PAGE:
Cancer is a horrible disease. Providing high quality care often means providing safe, effective and cost-effective treatments that meets a patient’s priority. Reaching these goals, however, is particularly challenging when treating older adults with cancer. A paper on this exact topic by Ramsdale et al. (2017) notes that: Cancer care delivery for older adults with…

Tuesday 10th December 2019

Health benefits of the Freedom Dividend

Andrew Yang, Democratic candidate for President, has is running largely on a platform of the “Freedom Dividend“. The Freedom Dividend is a $1000 monthly payment to ever American adult. The goal is to reduce inequality and provide some liquidity for low-income individuals to start business, or have more work-life flexibility. This approach–a form of Universal…

Monday 9th December 2019

Is funding biased against rural residents?

The answer is ‘yes’ according to a paper by Probst, Eberth, and Crouch (2019). The reason they cite is “structural urbanism”. Economists may be to blame. Consider a typical economist’s perspective. One wants to balance costs and benefits. If one wants ‘fair’ allocation per person, then of course equal funding will give more funding to…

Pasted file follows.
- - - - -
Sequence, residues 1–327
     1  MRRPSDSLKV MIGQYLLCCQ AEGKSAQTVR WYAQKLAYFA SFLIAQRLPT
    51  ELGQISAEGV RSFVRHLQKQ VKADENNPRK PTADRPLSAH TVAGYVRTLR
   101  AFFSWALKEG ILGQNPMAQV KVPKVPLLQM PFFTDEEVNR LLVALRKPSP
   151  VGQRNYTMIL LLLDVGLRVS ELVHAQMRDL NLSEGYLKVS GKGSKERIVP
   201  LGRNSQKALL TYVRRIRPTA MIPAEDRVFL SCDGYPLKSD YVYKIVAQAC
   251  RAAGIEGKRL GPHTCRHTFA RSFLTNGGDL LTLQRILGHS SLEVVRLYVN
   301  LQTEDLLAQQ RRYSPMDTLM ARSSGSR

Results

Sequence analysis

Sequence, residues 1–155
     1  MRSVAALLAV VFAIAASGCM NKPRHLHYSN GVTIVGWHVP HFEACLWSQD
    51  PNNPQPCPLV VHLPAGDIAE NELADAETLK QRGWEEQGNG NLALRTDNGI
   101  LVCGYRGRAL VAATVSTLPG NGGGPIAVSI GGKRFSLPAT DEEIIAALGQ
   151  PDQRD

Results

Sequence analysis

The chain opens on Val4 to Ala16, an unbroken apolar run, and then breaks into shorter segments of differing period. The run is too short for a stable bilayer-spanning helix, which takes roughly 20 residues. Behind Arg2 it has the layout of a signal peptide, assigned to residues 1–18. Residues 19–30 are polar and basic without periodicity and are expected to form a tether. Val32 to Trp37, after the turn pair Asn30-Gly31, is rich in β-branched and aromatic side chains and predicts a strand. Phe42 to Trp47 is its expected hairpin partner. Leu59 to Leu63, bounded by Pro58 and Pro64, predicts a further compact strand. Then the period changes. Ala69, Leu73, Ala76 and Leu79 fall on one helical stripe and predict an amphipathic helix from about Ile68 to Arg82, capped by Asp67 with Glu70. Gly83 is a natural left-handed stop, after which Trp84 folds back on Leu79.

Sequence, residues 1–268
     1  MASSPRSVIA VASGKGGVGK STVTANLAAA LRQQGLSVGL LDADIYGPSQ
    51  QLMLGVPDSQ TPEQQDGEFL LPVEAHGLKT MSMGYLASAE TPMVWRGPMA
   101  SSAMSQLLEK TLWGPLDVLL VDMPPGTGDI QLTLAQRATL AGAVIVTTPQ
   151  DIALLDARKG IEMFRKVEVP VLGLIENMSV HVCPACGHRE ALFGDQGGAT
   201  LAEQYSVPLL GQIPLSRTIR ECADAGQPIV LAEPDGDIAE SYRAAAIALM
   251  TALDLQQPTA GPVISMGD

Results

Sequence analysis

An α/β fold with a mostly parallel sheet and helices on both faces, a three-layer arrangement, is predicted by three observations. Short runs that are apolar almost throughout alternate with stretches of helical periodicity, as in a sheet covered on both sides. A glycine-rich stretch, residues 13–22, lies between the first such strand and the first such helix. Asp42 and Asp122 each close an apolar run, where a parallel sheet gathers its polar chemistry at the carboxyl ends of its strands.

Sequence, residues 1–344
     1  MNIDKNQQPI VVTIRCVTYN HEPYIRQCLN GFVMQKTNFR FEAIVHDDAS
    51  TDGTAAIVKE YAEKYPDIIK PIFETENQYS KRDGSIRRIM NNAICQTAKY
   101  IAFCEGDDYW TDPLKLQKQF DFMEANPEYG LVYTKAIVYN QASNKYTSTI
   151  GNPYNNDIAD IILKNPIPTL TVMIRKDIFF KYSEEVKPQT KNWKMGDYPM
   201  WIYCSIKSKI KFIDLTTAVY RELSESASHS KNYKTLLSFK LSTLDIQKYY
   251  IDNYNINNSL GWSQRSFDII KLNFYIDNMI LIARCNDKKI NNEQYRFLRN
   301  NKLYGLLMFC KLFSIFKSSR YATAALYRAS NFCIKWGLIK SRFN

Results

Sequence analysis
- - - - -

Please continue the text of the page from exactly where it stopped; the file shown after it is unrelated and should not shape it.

Friday 6th December 2019

Health care spending falls as a share of GDP

In Health Affairs, CMS Office of the Actuary (OACT) notes that while health care spending grew in 2018, it actually fell as a percentage of the economy. US health care spending increased 4.6 percent to reach $3.6 trillion in 2018, a faster growth rate than the rate of 4.2 percent in 2017 but the same…

Thursday 5th December 2019

Will physicians adopt digital health innovations?

The answer is ‘maybe’. Some are scarred by the distance between the hype and reality of electronic health records (EHR) which promised much efficiency and patient benefit, but resulted in a lot of both direct cost and data entry cost with limited interoperability and modest benefits to patients. So what factors will physicians take into…

Wednesday 4th December 2019

The Grossman model

The central proposition of the Grossman model (Grossman 1972) is that health can be viewed as a durable capital stock that produces an output of healthy time. It is assumed that individuals inherit an initial stock of health that depreciates with age and can be increased by investment. The model is similar to human capital…